Beyond “somatization” and “psychologization”: Symptom-Level Variation in Depressed Han Chinese and Euro-Canadian Outpatients.

Beyond “somatization” and “psychologization”: symptom-level variation in depressed Han Chinese and Euro-Canadian outpatients.

Front Psychol. 2013; 4: 377
Dere J, Sun J, Zhao Y, Persson TJ, Zhu X, Yao S, Bagby RM, Ryder AG

The finding that people of Chinese heritage tend to emphasize somatic rather than psychological symptoms of depression has frequently been discussed in the culture and mental health literature since the 1970s. Recent studies have confirmed that Chinese samples report more somatic and fewer psychological depression symptoms compared to “Western” samples. The question remains, however, as to whether or not these effects are attributable to variation in all the constituent symptoms or to a subset. If the latter, there is the additional possibility that some symptoms might show a divergent pattern. Such findings would have implications for how cultural variations in symptom presentation are interpreted, and would also inform the cultural study of affective experiences more broadly. The current study addressed these issues in Chinese (n = 175) and Euro-Canadian (n = 107) psychiatric outpatients originally described by Ryder et al. (2008). Differential item functioning (DIF) was used to examine whether specific somatic and psychological symptoms diverged from the overall patterns of cultural variation. Chi-square analyses were used to examine atypical somatic symptoms (e.g., hypersomnia), previously neglected in this literature. No DIF was observed for the typical somatic symptoms, but Euro-Canadians reported greater levels of atypical somatic symptoms, and showed higher rates of atypical depression. DIF was observed for psychological symptoms-the Chinese reported high levels of “suppressed emotions” and “depressed mood,” relative to their overall psychological symptom reporting. Chinese outpatients also spontaneously reported “depressed mood” at similar levels as the Euro-Canadians, contrary to prevailing ideas about Chinese unwillingness to discuss depression. Overall, the findings provide a more nuanced picture of how culture shapes symptom presentation and point toward future studies designed to unpack cultural variation in narrower subsets of depressive symptoms. HubMed – addiction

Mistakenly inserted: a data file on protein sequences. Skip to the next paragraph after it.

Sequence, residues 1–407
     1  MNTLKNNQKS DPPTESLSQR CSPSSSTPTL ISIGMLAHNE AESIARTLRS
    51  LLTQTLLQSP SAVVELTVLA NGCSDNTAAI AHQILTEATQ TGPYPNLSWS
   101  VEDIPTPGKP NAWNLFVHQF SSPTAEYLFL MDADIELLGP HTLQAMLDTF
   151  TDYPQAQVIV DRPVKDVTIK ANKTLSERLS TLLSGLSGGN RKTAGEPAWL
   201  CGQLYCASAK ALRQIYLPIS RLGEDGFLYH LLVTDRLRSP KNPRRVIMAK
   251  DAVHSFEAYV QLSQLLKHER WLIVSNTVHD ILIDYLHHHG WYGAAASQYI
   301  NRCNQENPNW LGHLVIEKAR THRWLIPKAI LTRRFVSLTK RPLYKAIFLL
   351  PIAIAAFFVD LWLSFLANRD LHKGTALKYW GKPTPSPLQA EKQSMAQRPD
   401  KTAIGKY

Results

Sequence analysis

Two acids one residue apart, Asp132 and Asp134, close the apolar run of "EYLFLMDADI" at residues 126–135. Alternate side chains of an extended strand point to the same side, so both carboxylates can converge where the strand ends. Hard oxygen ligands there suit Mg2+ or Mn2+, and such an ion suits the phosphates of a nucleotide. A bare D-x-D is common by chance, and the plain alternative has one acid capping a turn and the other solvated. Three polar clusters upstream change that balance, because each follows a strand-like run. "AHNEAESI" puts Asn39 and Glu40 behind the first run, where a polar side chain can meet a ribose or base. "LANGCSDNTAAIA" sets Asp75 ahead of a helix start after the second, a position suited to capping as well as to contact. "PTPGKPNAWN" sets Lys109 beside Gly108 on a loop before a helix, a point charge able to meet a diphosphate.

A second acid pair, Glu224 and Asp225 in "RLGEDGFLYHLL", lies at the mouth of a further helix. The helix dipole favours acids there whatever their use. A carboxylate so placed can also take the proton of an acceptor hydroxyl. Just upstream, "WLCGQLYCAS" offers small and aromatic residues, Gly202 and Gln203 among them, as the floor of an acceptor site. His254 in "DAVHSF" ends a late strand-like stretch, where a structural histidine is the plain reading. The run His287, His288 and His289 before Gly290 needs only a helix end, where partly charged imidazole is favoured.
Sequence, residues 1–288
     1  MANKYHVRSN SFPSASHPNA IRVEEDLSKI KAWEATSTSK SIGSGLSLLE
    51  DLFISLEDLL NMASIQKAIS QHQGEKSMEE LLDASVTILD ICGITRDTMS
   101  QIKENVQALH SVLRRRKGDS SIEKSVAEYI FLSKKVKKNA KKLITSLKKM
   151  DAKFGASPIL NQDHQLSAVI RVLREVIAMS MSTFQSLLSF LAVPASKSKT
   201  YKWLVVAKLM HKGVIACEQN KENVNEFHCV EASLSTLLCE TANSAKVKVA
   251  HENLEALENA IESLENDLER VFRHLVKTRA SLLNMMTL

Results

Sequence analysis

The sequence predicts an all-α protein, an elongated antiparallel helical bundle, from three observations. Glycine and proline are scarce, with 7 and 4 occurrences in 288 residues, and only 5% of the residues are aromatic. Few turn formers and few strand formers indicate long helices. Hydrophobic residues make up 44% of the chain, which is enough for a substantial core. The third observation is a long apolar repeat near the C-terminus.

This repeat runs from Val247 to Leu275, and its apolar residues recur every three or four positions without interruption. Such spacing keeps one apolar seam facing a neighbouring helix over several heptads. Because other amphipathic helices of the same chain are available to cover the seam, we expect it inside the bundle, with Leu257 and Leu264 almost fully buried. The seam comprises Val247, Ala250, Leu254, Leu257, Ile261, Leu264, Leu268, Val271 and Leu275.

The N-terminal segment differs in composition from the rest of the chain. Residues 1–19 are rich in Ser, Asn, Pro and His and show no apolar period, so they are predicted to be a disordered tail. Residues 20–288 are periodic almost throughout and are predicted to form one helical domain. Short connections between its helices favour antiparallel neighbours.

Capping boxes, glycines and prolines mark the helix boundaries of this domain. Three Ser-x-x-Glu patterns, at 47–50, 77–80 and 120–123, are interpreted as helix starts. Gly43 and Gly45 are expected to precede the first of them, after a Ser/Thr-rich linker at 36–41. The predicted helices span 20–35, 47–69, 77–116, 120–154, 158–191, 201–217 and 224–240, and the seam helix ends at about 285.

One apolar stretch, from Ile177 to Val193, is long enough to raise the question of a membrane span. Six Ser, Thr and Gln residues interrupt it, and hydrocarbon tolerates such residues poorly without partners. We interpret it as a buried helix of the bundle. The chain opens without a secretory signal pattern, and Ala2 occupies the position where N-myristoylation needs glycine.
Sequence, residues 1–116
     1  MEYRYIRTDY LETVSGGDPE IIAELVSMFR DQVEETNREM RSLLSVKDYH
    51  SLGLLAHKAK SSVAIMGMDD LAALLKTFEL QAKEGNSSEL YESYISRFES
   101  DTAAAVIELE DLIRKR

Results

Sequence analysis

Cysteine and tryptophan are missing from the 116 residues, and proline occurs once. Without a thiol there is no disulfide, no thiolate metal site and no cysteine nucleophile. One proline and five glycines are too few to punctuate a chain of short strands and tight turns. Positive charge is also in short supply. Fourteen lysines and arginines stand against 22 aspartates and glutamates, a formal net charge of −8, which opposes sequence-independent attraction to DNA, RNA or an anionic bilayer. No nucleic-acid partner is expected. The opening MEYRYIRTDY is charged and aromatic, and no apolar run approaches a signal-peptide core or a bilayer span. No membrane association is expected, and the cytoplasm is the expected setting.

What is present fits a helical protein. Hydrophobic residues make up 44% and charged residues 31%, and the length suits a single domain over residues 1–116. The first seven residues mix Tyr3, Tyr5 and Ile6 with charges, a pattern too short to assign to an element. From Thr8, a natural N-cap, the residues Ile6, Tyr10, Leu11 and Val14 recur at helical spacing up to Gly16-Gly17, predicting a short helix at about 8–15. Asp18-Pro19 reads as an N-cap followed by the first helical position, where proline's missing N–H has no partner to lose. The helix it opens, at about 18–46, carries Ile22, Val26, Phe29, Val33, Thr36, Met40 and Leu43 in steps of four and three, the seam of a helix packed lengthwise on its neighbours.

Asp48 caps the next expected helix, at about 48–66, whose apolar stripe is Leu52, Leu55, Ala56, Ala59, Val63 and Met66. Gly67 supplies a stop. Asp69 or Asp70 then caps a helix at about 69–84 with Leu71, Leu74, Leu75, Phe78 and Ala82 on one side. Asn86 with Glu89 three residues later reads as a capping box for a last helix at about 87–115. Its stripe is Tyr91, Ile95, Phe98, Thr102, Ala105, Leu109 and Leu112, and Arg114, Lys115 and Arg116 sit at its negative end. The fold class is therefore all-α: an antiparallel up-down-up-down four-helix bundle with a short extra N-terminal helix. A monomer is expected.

[Is obesity an addiction?].

Psychother Psychosom Med Psychol. 2013 Jul; 63(7): 255-6
de Zwaan M

HubMed – addiction


The K(+) channel GIRK2 is both necessary and sufficient for peripheral opioid-mediated analgesia.

EMBO Mol Med. 2013 Jul 1;
Nockemann D, Rouault M, Labuz D, Hublitz P, McKnelly K, Reis FC, Stein C, Heppenstall PA

The use of opioid agonists acting outside the central nervous system (CNS) is a promising therapeutic strategy for pain control that avoids deleterious central side effects such as apnea and addiction. In human clinical trials and rat models of inflammatory pain, peripherally restricted opioids have repeatedly shown powerful analgesic effects; in some mouse models however, their actions remain unclear. Here, we investigated opioid receptor coupling to K(+) channels as a mechanism to explain such discrepancies. We found that GIRK channels, major effectors for opioid signalling in the CNS, are absent from mouse peripheral sensory neurons but present in human and rat. In vivo transgenic expression of GIRK channels in mouse nociceptors established peripheral opioid signalling and local analgesia. We further identified a regulatory element in the rat GIRK2 gene that accounts for differential expression in rodents. Thus, GIRK channels are indispensable for peripheral opioid analgesia, and their absence in mice has profound consequences for GPCR signalling in peripheral sensory neurons. HubMed – addiction



Angry Birds Addiction.. REHAB NEEDED POSSIBLY! – So I’m addicted to angry birds, i know I’m not alone, its completely ridiculous.. so i decided to rant 😀 enjoy!